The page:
"Look, I don't think you should be so disrespectful. Rev. Right says fish who don't believe are doomed to broil for all eternity."

"Yeah, like I'm gonna bite on that one!"

"But if you believe in the Fry with all your heart and you've been preselected by the Farther, you can get taken up in the Capture."

"Don't tell me you swallow that!"

"The Farther sends down his holy net and, whoosh! All the chosen fish get taken up to a better world. There, you get to meet the Fry and worship the Farther -- forever!"

"Sounds bow-ring."

"But what if it's real? I've heard the Capture is already beginning! They say over in the Pacific all the chosen salmon have already gone up in the Capture."

"You think getting hauled up to the surface in a net is a good thing? Man, that's just crazy. Life down here is what it's all about. Here, lemme show you a few home truths from the Dawk on my i-Phin."

PJ introduces Rushdy to the writings of Richard Dawkins, who has an answer to many of Rushdy's questions: Natural selection.

Accepting, then, that the God Hypothesis is a proper scientific hypothesis whose truth or falsehood is hidden from us only by lack of evidence, what should be our best estimate of the probability that God exists, given the evidence now available? Pretty low I think, and here's why. Natural selection is not just an alternative to chance. It is the only ultimate alternative ever suggested. Design is a workable explanation for organized complexity only in the short term. It is not an ultimate explanation, because designers themselves demand an explanation. If, as Francis Crick and Leslie Orgel once playfully speculated, life on this planet was deliberately seeded by a payload of bacteria in the nose cone of a rocket, we still need an explanation for the intelligent aliens who dispatched the rocket. Ultimately they must have evolved by gradual degrees from simpler beginnings. Only evolution, or some kind of gradualistic 'crane' (to use Daniel Dennett's neat term), is capable of terminating the regress. Natural selection is an anti-chance process, which gradually builds up complexity, step by tiny step. The end product of this ratcheting process is an eye, or a heart, or a brain -- a device whose improbable complexity is utterly baffling until you spot the gentle ramp that leads up to it.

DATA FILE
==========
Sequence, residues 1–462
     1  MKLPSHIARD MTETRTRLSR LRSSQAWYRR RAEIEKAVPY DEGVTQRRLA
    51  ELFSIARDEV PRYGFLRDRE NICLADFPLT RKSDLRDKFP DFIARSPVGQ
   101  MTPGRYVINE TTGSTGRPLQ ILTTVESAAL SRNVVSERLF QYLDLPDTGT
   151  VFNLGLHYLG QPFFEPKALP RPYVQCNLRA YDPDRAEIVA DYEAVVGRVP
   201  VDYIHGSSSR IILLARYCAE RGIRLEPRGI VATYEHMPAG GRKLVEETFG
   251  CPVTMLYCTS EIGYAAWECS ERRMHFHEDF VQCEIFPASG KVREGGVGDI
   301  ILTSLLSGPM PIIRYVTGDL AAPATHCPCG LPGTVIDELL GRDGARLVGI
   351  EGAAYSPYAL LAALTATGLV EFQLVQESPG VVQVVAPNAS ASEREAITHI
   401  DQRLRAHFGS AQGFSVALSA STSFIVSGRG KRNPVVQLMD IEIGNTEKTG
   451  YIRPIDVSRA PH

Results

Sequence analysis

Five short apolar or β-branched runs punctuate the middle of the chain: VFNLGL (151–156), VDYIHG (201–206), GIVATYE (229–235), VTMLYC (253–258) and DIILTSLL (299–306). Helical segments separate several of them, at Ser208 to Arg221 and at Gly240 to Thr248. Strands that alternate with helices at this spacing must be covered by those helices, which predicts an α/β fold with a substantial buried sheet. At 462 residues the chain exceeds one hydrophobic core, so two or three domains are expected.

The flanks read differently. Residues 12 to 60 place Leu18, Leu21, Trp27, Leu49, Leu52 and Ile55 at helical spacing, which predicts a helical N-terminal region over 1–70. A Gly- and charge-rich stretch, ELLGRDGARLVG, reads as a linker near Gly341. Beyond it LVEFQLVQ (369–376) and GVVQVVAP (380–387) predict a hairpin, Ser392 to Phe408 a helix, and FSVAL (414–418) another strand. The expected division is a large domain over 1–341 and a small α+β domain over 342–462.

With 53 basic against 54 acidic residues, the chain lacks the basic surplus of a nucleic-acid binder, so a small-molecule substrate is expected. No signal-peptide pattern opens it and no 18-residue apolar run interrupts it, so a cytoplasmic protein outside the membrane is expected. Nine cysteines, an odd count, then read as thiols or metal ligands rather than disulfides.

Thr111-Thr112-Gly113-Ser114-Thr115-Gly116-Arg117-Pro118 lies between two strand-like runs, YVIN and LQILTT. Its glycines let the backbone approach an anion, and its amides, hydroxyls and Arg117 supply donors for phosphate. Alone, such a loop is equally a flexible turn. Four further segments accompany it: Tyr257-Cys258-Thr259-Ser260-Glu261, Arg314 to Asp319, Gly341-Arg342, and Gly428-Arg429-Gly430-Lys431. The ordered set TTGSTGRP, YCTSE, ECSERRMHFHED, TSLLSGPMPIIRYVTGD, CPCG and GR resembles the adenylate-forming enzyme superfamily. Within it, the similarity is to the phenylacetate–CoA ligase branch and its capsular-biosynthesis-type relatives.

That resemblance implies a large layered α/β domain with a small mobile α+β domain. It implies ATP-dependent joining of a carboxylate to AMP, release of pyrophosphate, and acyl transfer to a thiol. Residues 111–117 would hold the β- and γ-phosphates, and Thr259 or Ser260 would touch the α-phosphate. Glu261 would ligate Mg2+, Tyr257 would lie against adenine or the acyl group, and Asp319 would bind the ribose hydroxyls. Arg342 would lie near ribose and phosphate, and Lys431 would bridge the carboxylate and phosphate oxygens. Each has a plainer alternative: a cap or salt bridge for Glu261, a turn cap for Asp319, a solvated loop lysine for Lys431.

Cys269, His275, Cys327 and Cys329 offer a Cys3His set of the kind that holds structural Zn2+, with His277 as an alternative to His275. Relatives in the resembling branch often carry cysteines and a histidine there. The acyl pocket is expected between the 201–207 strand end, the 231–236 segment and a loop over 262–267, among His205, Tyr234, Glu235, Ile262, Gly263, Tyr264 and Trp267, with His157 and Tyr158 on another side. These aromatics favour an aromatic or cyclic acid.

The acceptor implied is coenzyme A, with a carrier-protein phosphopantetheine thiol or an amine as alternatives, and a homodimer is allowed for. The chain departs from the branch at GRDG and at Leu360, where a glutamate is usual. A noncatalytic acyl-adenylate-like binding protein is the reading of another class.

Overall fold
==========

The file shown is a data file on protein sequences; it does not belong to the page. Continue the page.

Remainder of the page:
PJ and the Dawk convince Rushdy that the world doesn't show any signs of being owned and operated by an all powerful Farther. After giving it a lot of thought, he accepts that natural selection is the best explanation for the amazing variety of life on Earth, and after reading a Fishypedia article on abiogenesis, he's even prepared to accept that it probably didn't take any magic to get life started on Earth -- although it certainly took a very unlikely combination of events. But unlikely things do happen -- every day.